Though impossible, this day had started more than twenty-four hours ago, on another continent, in an airport where they greet you by taking your sunblock. “This is bigger than three ounces,” they say, shoving the bottle in your face like teaching a dog not to shit indoors. “Next time put it in your checked luggage.”
I didn’t bother to explain that I didn’t have any checked bags, a personal policy that makes me feel pious and self-aggrandized. Like I’m closer to God, more saintly because I don’t carry my Earthly possessions with me as I travel the world. Like I’m some kind of minimalist travel expert, when in fact it’s simply that I don’t have the clothes for a nice night on the town, that I don’t know how to accessorize unless it’s for an 1980s theme party, in which case I pull out all the stops and even lend my treasures to my contemporary friends who have put in effort to keep up with the times.
It was the first time I’ve ever taken a pill on a flight – just some generic CVS “sleeping aid” that I pulled directly off a shelf – and it worked like a dream, pardon the pun. Tanzania is an eight-hour difference from home on the East coast, which meant I’d need to figure out how to adjust quickly, lest I need to overthrow another one of my personal policies – that I don’t believe in jet lag. Sure, you can be tired and disoriented after thirty hours of travel, but staying that way is a choice, so suck it up and get back on schedule.
We flew fourteen hours in economy class –because face it, that’s our social standing–
before connecting in Johannesburg and taking another three-hour flight north to Dar es Salaam. We exited the plane and went into the basement of the airport, which was exactly the type of torture dungeon I’d design for impatient Westerners, particularly Americans and Germans. It was sweltering hot and humid, and there were two lines, but no one knew the difference between them until it was too late. It sounded and smelled of chaos and indifference, and led only to another line, for immigration and then customs.
With my visa in-hand, I walked up to a desk fully enclosed in glass, the kind you might see at a sketchy gas station convenience store, and gave a woman my documents while placing my four fingers on a device to take my fingerprints. She yelled at me to put my fingers closer together, and I obeyed, holding it there until the device’s lights turned green and the woman gave me a thumbs up. I gave her a thumbs up right back. But then she yelled at me again. “Put your thumb on the screen!” I did so, remembering that I’m an idiot.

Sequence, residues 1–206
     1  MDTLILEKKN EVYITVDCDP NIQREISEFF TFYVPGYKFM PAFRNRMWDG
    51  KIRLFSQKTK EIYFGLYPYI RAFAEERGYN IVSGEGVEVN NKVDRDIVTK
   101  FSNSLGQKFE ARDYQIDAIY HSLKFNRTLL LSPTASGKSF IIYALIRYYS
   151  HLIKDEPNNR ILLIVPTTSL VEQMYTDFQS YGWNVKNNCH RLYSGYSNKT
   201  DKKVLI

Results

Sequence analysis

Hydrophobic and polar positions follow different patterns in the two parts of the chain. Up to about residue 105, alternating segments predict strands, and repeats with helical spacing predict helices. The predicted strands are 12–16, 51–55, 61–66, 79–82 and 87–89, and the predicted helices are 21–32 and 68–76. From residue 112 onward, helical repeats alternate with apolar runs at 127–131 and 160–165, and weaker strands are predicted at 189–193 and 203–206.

I wanted to laugh – look at this precious moment of cultural misunderstanding! – but the woman gestured at me aggressively with a new assignment: to go retrieve some man, a stranger, who had his back to us and was walking away.
Now, the thumb thing, I’ll cop to that. But this was not my fault. I didn’t know who she wanted me to retrieve, or why I was being sent on this mission. So I just gave up and went back to her, where she punished me by letting ten people cut in front of me, none of whom needed to give her the fingerprints or deferential respect I’d been forced to lay at her throne.
I didn’t want to make a scene.
I only wanted to get out of this pit of doom, and so when she finally processed me and sent me away, I bowed my head, picked up my bags, and headed for the door without asking to see her supervisor or writing a mean-spirited TripAdvisor review. I later learned those poor humans had already waited in a line and done the whole fingerprint thing, but the idea of process optimization and queuing theory that I’d learned in grad school hadn’t made it to the Dar es Salaam airport immigration office.
Fourteen minutes in country and already I wanted to show the blazing power of American Exceptionalism, without once thinking that I came here to escape that very same American Exceptionalism. And I certainly hadn’t considered that the poor immigration official’s brain had been melting in the torture chamber for a full shift.
We escaped into the airport exit, which is like every airport exit, with a crowd of excited people looking for their family members, or overdressed guys scanning the crowd while holding signs with strangers’ last names, or entrepreneurs rubbing elbows with weary travelers saying “hey taxi taxi,” showing the true meaning of opportunism, hustling, and demand-side economics. Not for us.
Nope, instead we found our way to a storefront for Coastal Aviation, where a petite, dreamy woman walked us to a van, which drove us to a smaller airport, where we walked out onto a runway and into a Cessna jet that looked like it was the innermost figure of a Matryoshka nesting doll.
The same young woman who had taken our signatures in the office at Coastal Aviation climbed into the pilot’s seat, told us where the first aid kit and fire extinguisher were, and put on her communication set headphones while turning the ignition. She was no older than we were, but she was twenty times more confident, which is exactly what you want when boarding a baby jet that looks like it had been birthed by a real jet that morning.
We took off 🛩 and ten minutes later landed on a dirt runway, where we jumped into a safari jeep 🚙 that drove us to a rowboat 🚣that paddled us to a dock at the Ras Kutani hotel.
Tanzania, you sure know how to make an entrance.